I do think if it was given its own forum that would alleviate alot of potential disagreements. Those who want to engage in that type of conversation could do so and those who don't can disregard the posts. Maybe have the option/settings to make the threads from that forum "invisible" if the user chooses to do so(out of site, out of mind.)

I don't know. I am sure as with everything opinions will vary. That's one of the beautiful things about this world. Individuality. One may not necessarily agree with anothers opinions on a subject of conversation but at the same time even if it doesn't make sense I respect others opinions. Too many people spend time trying to force-feed what they think down anothers throat w/o explanation. When the message conveyed is not received well then all(you know what) hits the fan. Kinda funny in a way. 99% of the time if I just take a few extra seconds to explain why I feel the way I do towards a certain subject the individual I am speaking to has an "oh" moment. Argument avoided. :)

3:51 p.m. on May 5, 2011 (EDT)
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From a guy that started a recent gun (weapon) questionnaire thread.

Yes,

I stared a gun thread a little while ago and I hope most readers found it, civil. respectful, courteous, somewhat to the point of the questions asked and above all those, creating an informative thread to all, I am sure directly and indirectly.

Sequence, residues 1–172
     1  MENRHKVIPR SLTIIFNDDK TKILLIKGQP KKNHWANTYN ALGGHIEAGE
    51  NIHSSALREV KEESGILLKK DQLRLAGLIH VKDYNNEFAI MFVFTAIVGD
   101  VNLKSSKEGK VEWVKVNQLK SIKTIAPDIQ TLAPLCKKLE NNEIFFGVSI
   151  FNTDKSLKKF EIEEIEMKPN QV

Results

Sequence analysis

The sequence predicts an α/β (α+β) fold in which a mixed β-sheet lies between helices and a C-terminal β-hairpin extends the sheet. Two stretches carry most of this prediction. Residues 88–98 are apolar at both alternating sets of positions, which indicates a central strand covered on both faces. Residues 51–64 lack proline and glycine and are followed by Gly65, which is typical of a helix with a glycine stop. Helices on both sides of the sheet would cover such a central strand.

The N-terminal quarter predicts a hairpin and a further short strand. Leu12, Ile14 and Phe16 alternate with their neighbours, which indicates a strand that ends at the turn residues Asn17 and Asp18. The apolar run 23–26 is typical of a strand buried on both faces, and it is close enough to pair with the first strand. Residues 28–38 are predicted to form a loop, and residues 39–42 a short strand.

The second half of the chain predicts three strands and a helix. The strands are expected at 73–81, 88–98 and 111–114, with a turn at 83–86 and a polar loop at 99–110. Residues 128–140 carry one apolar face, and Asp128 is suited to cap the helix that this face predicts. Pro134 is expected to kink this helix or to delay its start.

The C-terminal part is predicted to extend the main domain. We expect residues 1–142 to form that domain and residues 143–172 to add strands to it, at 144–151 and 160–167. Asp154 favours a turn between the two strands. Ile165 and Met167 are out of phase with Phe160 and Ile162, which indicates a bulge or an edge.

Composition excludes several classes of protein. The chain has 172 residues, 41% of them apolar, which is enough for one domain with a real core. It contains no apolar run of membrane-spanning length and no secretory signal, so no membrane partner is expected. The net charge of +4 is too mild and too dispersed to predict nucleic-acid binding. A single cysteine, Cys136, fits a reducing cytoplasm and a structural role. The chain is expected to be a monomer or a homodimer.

I do believe the thread went well and eventually, after some long replies, I got the information I was hoping for.  Invariably some reply posts, on such a topic, became more than a simple answer.  I did see the emotion in several replies with one simple fact of, when having clearly asked for a simple answer I often got much more.  I guess a simple answer is retrospective of each individuals personal definition of simple, with to the point and specifically an on topic answer to the questions.  As in my thread about guns it is very hard for some to write without length and or emotion.  This I understand, as I do appreciate the strong feelings that readers have, both for and against this topic of guns.  Understandably, this thread would have sent shivers up the spines' of some Trailspace members as they read the thread topic and or started reading though my original questionnaire post, then thread itself.  But again I am hoping all that read along could say in the end, it was OK.

A question of, should Trailspace allow threads on, and I believe the specific term here would be, "weapons" not just "guns". To this my answer is a, yes. I believe it is a necessary topic to post about and always good to post civilly on such topics.  Because concern for self preservation is important, as is the concern for other hikers and wildlife alike.  This, Trailspace, in my understanding is not a hunting forum but an,

"Trailspace is the backcountry gear guide dedicated to helping outdoor enthusiasts of all abilities -from trail novices to confirmed gearheads - select dependable outdoor gear that lets them get out and enjoy human-powered backcountry activities.

Trailspace publishes independent reviews, news, and discussions about thousands of outdoor products, helping hikers, backpackers, climbers, skiers, trail runners, paddlers, and other outdoor enthusiasts find dependable and appropriate gear for their adventures."